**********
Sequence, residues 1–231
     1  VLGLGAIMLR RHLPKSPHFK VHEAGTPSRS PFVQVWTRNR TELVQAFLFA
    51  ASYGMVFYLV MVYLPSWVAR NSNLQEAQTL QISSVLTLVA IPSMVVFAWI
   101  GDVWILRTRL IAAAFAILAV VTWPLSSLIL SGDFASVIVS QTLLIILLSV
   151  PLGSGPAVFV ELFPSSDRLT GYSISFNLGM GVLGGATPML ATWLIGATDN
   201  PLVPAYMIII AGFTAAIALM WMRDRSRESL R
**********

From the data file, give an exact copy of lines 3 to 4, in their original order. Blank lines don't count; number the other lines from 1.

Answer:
    51  ASYGMVFYLV MVYLPSWVAR NSNLQEAQTL QISSVLTLVA IPSMVVFAWI
   101  GDVWILRTRL IAAAFAILAV VTWPLSSLIL SGDFASVIVS QTLLIILLSV